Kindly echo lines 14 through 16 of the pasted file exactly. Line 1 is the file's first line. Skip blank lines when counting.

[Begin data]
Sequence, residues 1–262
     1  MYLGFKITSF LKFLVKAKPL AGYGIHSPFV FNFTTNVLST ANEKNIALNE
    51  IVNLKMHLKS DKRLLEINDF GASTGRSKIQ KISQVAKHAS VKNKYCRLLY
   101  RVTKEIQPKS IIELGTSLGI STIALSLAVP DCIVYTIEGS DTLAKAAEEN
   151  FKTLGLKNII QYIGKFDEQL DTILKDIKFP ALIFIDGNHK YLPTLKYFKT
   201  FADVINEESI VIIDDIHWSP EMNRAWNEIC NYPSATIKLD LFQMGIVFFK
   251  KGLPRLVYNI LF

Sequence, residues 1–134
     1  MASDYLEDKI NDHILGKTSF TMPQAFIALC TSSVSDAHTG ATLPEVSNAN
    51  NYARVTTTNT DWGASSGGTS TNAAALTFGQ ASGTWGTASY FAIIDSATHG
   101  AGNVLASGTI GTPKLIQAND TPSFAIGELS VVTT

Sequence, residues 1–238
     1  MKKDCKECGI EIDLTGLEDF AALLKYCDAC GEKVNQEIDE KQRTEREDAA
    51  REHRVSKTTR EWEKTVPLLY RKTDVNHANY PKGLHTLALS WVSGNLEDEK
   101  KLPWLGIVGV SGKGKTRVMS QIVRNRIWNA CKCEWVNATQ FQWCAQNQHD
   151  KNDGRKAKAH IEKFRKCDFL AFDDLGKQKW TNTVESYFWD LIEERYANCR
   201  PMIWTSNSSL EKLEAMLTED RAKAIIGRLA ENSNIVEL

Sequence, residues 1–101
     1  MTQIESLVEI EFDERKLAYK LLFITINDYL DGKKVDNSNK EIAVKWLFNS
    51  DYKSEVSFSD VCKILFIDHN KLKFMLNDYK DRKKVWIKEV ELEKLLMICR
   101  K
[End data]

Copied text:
    51  REHRVSKTTR EWEKTVPLLY RKTDVNHANY PKGLHTLALS WVSGNLEDEK
   101  KLPWLGIVGV SGKGKTRVMS QIVRNRIWNA CKCEWVNATQ FQWCAQNQHD
   151  KNDGRKAKAH IEKFRKCDFL AFDDLGKQKW TNTVESYFWD LIEERYANCR